This year is the seventh consecutive year of losses for the U.S. Postal Service, as communication is becoming increasingly electronic. USPS is finding that ecommerce businesses are actually aiding them in their road to recovery. From Amazon to Staples, different shipping and package businesses are joining forces with USPS in order to curb their losses. This year, USPS reported their losses to be $5 billion down from last year’s $16 billion.
In conjunction with its new partnerships, USPS has been doing some cost cutting, as well. Despite their aggressive reduction in employee hours as a means to cut costs, the agency is still struggling because of the mandatory retiree health fund, which was mandated by Congress in 2006. In addition, there has been a continuous slide in first-class mail, which is currently USPS’ most profitable product. Stamped, first-class mail fell by 2.8 billion pieces this year.
The U.S. Postal Service is seeking legislation, which could relieve the financial pressure of the retiree payments. It is also seeking to move towards a five-day mail delivery service and to close some post offices. USPS has already cut 12 million hours this year by consolidating mail processing centers.
Several industry influencers including, Darrell Issa, Government Reform Committee Chairman, and Blake Farenthold, a postal subcommittee Chariman, have joined together in making a statement about the continued losses USPS faces if Congress does not step in soon.
“Based on briefings the Committee has received from USPS, this is likely the last year that ongoing cost-cutting measures will generate significant savings,’’ the lawmakers said. “There is no doubt that mail delivery will be affected in the near future without Congressional action to cut costs and restructure USPS finances.”
Although it is unlikely that Congress will step in by the end of this fiscal year, USPS has its own agenda on increasing revenues and its enlisting the help of a few of the top ecommerce giants in the nation.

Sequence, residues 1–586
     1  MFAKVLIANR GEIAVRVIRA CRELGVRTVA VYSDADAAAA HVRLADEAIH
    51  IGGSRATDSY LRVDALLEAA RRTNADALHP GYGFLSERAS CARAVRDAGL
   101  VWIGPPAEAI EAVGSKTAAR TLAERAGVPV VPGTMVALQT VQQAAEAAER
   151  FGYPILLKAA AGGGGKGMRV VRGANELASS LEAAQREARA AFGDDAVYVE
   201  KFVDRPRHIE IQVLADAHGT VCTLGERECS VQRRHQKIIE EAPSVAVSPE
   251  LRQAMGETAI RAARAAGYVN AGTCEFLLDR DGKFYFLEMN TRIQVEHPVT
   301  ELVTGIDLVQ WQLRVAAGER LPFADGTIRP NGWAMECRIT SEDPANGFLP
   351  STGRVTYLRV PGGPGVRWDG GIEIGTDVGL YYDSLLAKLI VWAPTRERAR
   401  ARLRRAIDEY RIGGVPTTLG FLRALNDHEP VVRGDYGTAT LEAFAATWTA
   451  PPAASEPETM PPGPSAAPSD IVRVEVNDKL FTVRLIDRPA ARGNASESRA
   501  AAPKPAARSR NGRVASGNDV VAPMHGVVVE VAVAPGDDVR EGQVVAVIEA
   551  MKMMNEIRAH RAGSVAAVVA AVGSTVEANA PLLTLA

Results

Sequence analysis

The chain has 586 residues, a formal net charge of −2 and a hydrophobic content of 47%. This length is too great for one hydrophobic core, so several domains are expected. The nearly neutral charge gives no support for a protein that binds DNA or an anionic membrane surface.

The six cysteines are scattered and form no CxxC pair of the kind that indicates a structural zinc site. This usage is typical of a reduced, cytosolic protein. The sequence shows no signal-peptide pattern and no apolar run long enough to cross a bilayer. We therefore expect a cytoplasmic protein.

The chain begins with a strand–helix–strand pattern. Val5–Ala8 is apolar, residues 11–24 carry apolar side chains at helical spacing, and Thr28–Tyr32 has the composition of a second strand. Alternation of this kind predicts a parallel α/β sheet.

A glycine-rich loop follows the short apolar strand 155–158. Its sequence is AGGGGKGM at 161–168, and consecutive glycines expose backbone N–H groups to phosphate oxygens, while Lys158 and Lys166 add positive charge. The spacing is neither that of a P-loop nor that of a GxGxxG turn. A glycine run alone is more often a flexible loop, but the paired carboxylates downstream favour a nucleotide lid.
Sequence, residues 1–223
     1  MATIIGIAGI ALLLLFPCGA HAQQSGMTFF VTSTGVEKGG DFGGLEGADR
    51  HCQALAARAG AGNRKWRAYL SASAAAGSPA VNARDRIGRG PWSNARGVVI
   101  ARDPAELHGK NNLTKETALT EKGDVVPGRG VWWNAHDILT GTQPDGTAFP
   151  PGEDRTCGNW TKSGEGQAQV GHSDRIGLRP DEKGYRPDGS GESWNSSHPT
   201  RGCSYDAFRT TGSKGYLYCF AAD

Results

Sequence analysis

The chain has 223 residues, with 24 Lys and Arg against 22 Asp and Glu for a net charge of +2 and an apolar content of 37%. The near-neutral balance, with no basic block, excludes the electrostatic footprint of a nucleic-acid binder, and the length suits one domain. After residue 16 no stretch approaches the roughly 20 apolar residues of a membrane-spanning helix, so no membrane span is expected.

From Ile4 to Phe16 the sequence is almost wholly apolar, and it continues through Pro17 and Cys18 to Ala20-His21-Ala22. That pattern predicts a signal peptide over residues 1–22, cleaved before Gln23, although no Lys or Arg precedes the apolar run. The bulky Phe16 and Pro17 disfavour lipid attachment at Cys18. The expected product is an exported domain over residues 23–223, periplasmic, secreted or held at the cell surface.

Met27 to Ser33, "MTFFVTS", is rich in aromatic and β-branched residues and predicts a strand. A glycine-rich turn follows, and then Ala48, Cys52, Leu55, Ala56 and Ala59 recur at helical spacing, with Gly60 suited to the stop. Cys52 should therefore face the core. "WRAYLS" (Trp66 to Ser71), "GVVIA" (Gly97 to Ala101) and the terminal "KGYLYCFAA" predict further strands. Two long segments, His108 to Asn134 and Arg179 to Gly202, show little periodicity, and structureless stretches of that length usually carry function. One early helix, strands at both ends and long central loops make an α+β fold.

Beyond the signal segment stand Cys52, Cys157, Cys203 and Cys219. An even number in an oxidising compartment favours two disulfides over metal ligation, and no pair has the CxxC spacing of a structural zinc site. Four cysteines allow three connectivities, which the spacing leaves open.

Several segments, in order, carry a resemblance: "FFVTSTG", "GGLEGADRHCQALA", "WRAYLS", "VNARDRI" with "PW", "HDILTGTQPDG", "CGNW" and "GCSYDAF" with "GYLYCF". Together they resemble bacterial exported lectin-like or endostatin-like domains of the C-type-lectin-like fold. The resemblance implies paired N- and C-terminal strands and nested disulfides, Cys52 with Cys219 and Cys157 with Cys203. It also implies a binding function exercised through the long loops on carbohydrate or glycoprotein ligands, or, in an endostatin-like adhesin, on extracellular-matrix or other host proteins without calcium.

“We’ve achieved some excellent results for the year in terms of innovations, revenue gains and cost reductions, but without major legislative changes we cannot overcome the limitations of our inflexible business model,’’ Postmaster General Patrick Donahoe said in a statement.
Due to the increase of online shopping and ecommerce sales, USPS may have a promising future just yet. This year alone, package volumes grew to 210 million pieces.
The U.S. Postal Service announced its strategic partnership with ecommerce giant, Amazon.com. Amazon.com is already delivering packages on Sundays in cities, such as New York and San Francisco.
“We’re excited that now every day is an Amazon delivery day.” said Dave Clark, Amazon’s vice president of worldwide operations and customer service in a press release on Monday.
The U.S. Postal Service will also be selling its services out of Staples Inc. office supply retail stores across the nation.
With the help of ecommerce growth, USPS’ operating revenues have risen from $65.2 billion last year to $66 billion this year. This is the first sign of growth that USPS has seen in revenue since 2008.
President of the National Association of Letter Carriers, Fredric Rolando said, “With the economy gradually recovering from the recession, the Postal Service has returned to operational profitability—with an operating profit of $600 million delivering the mail this fiscal year.”